“A huge issue with potentially profound impacts on society and the planet.”
It’s part of the course description for this semester’s Journalism 808 three-credit class at the Michigan State University School of Journalism.
“It’s no longer just a science or environmental story,” says the syllabus for the course being taught by Knight Journalism Chair Jim Detjen, an award-winning former newspaper reporter who was the founding president of the Society of Environmental Journalists (SEJ).
Climate change “is affecting business, government, religion, health, agriculture, sports, the arts, popular culture – and much more.”
Enrolled for the first-time offering are 12 students – 11 undergraduates and one Honors College undergraduate. Nine of the students are from the U.S., the other three from China, India, and Malaysia. Eight are journalism majors and one is majoring in health communications.
Questions the syllabus says will be addressed during the semester:
- How do journalists find out about and report the “truth” about an issue, which is complex, filled with uncertainty and disputed?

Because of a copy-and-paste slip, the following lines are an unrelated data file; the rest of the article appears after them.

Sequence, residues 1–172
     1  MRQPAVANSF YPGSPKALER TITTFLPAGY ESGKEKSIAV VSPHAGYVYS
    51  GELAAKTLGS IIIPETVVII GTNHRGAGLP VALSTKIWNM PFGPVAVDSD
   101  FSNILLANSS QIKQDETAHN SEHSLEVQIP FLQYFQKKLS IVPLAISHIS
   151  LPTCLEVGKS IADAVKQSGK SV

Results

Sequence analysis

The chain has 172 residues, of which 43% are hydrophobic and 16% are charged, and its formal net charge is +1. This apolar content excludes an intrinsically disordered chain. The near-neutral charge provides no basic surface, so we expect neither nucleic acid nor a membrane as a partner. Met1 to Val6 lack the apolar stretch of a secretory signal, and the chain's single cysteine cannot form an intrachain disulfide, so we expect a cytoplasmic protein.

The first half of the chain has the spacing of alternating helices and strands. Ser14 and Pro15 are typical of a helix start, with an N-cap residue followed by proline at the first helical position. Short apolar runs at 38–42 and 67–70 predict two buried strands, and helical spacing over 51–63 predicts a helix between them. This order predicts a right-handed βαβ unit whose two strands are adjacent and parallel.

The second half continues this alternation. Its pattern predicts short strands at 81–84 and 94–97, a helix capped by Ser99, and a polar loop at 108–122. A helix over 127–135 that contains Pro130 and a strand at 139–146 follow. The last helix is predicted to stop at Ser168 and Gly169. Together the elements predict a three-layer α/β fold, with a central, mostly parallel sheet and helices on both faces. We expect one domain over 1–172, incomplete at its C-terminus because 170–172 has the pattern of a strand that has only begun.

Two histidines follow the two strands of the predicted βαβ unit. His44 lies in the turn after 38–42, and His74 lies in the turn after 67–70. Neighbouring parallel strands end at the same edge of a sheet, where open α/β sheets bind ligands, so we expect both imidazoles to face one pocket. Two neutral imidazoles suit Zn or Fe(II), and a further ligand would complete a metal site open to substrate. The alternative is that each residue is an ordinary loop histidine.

- How do you maintain reader, viewer and listener interest in an issue being played out over a long period of time?
- How to you report and write about an issue with global implications during an era when the news media is reducing its coverage of international issues?
- How do you cover a complex issue when the media terrain is rapidly shifting from traditional print and broadcasting models to new Internet-based technology, such as cell phones?
- When, if ever, should a journalist be an advocate for a point of view or a policy?
Along with a planned field trip and lectures by a number of university and outside journalism experts, the syllabus calls for use of New Yorker writer Elizabeth Kolbert’s 2006 paperback Field Notes from a Catastrophe, based on her award-winning three-part New Yorker series “The Climate of Man.” It recommends additional readings by Australian Tim Flannery, evolutionary biologist and author Jared Diamond, Columbia University’s Jeffrey B. Sachs, and Lester B. Brown, founder and former president of the Worldwatch Institute and now head of the Earth Policy Institute.
Information on the course and a copy of the syllabus are available from Professor Detjen at firstname.lastname@example.org.